Finding the right mental health professionals was akin to getting fitted for a bra; it was awkward, embarrassing, all too personal, and my boobs were sweaty from nerves.

But when it is all over…ahhh…your breasts are fully supported, and you find your mind feels magnificent.

Bra fittings and mental health professionals...way too close for comfort. 

So after a few weeks of therapy, I warmed up to the idea of finding a psychiatrist, or as I like to say, my friendly happy pill doctor.

Yes, there are many psychiatrists that are soul-less pill pushers. One doctor I previously encountered conducted a three minute session with before wanting shoving prescriptions down my throat without going giving me options or discussing side effects. Plus my gut didn't feel good about him. Like any kind of doctor, some psychiatrists are idiots, some are lazy, and some don’t give a number two about your long term improvement.

But I found an amazing doctor. It took months, but she was worth it. And now I’m on a medication that helps, not hinder my daily life.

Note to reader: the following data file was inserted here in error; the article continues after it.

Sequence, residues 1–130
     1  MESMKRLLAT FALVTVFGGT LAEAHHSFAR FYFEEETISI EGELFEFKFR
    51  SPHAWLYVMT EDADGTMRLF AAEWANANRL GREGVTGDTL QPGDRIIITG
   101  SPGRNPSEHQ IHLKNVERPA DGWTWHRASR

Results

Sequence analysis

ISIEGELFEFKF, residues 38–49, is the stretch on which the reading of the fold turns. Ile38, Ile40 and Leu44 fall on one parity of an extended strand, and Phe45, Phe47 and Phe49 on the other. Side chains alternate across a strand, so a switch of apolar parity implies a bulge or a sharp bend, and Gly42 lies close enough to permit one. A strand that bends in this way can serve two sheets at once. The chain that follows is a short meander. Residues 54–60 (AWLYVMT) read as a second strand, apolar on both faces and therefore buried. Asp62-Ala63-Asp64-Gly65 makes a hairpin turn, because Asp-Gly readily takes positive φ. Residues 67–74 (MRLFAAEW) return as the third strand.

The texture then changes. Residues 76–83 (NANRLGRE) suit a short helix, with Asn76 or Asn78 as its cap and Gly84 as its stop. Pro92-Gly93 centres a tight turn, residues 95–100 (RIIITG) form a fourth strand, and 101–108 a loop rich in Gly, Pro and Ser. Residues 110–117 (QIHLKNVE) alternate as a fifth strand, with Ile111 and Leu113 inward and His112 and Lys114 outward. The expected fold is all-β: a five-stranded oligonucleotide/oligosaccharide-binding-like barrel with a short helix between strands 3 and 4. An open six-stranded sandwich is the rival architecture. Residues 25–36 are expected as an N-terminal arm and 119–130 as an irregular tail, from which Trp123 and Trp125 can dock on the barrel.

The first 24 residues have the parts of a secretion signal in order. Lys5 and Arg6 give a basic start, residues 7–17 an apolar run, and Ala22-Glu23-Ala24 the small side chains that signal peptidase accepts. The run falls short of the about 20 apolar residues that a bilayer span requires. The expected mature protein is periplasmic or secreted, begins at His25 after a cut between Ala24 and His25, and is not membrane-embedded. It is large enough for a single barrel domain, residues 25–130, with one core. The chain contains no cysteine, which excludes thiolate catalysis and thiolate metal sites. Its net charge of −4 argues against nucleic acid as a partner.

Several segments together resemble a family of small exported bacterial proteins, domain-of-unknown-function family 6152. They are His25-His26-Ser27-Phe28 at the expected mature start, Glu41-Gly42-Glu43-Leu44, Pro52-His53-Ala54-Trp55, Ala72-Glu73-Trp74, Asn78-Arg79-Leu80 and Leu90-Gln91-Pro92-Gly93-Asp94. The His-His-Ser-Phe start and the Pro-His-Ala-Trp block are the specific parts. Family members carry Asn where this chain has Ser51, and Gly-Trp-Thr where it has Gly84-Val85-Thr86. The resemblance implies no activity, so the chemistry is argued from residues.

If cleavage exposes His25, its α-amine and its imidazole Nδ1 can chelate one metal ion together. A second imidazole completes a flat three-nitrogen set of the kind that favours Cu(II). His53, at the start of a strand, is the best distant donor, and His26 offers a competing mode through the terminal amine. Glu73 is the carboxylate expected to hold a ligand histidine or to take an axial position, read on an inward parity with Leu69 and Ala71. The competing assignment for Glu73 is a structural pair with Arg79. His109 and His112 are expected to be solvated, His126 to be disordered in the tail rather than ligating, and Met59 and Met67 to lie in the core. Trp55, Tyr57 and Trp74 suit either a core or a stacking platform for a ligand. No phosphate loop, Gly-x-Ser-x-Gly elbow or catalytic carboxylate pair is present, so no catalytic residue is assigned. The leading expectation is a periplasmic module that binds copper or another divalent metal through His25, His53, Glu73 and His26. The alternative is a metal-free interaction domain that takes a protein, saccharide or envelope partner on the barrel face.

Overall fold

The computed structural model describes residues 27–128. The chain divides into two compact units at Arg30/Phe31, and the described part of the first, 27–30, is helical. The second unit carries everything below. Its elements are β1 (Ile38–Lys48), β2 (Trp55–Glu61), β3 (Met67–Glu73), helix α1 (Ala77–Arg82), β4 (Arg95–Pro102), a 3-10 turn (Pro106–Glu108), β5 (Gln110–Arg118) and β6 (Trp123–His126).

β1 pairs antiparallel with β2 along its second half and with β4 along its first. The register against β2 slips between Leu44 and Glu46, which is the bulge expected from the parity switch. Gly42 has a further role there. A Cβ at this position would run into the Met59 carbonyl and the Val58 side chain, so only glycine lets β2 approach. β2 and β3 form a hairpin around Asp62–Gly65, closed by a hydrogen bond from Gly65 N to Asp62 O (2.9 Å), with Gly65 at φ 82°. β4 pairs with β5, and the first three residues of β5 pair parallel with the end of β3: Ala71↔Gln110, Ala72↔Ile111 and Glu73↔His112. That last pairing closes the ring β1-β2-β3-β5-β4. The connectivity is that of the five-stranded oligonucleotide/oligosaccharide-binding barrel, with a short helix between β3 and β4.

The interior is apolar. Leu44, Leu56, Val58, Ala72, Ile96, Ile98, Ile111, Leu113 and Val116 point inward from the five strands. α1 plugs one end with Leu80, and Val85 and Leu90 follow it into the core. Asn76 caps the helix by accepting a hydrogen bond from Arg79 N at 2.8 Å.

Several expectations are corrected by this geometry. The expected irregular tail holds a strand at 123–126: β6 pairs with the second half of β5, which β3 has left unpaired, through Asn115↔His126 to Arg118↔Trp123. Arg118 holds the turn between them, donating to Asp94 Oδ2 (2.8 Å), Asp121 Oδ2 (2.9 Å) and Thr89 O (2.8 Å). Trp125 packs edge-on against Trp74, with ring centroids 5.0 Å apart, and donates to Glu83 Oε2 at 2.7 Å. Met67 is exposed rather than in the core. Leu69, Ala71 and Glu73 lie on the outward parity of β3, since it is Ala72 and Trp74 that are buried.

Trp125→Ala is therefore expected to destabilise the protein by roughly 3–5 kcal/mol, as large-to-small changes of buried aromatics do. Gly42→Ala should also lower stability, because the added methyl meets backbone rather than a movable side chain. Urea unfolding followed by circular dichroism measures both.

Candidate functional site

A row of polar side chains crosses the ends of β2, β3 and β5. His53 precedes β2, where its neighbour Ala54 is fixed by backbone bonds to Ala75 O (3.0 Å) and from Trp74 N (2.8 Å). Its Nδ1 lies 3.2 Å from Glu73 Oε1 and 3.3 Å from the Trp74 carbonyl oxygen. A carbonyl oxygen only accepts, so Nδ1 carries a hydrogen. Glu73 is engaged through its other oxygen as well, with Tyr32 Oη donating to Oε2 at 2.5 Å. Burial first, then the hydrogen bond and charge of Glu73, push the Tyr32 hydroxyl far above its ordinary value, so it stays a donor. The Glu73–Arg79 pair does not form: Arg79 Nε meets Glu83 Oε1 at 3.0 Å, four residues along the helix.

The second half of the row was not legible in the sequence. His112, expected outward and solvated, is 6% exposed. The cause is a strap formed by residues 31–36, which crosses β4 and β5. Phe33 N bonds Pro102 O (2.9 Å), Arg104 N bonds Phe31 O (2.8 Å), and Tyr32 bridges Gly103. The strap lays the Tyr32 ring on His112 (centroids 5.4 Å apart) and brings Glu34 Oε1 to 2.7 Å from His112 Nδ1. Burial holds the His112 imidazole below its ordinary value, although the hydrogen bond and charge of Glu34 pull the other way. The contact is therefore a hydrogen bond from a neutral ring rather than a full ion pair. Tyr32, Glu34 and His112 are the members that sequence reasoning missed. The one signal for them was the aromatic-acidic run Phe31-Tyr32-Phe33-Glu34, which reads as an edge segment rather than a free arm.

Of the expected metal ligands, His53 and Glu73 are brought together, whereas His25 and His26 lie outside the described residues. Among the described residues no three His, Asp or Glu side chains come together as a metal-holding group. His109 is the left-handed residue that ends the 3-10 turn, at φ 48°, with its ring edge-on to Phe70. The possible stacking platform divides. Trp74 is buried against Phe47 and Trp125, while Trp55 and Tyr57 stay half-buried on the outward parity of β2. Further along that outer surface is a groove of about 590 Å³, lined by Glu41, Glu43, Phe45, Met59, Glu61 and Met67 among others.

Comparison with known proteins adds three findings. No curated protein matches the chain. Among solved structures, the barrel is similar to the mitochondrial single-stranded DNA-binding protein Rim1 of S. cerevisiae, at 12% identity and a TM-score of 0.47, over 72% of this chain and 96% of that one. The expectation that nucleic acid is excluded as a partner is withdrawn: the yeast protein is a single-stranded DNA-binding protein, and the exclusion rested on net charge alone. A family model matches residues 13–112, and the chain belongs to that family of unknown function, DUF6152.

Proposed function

Despite my wishful thinking, pills are not a magical cure all. Taking pills without working on the root problems such as abuse, neglect, or self-esteem won’t fix anything.

Even if you’re not as far off on the crazy scale as me, talking with a therapist is never a bad idea. Because it’s exactly that, just talking. Simple, yet meaningful conversation is like the chicken noodle soup for the soul.

I am in a much better place than I was just a few months ago. Some of that is because of the medication, but the meds couldn’t take root without some deep therapy sessions (I go through tissue boxes like they are going out of style) and openness to accept who I am. I have worth. I have importance. And I happen to have a mental illness.

So here is to a better 2013. And don’t forget to take your meds ;)


  1. Thank you for your candor on this topic Shanna. I have a couple of family members that suffer from it, but choose not to seek help for it. This is a problem that quite often gets ignored (especially in the Black community). I really appreciate you discussing this issue and being frank with your own personal experience. You've touched many people with your words.

  2. I couldn't agree with you more Jamie. Within the black community, the stigma is even stronger. While many in my family suffer from anxiety, emotional outbursts, and abusive natures (without outing legal names, my parents are on that list).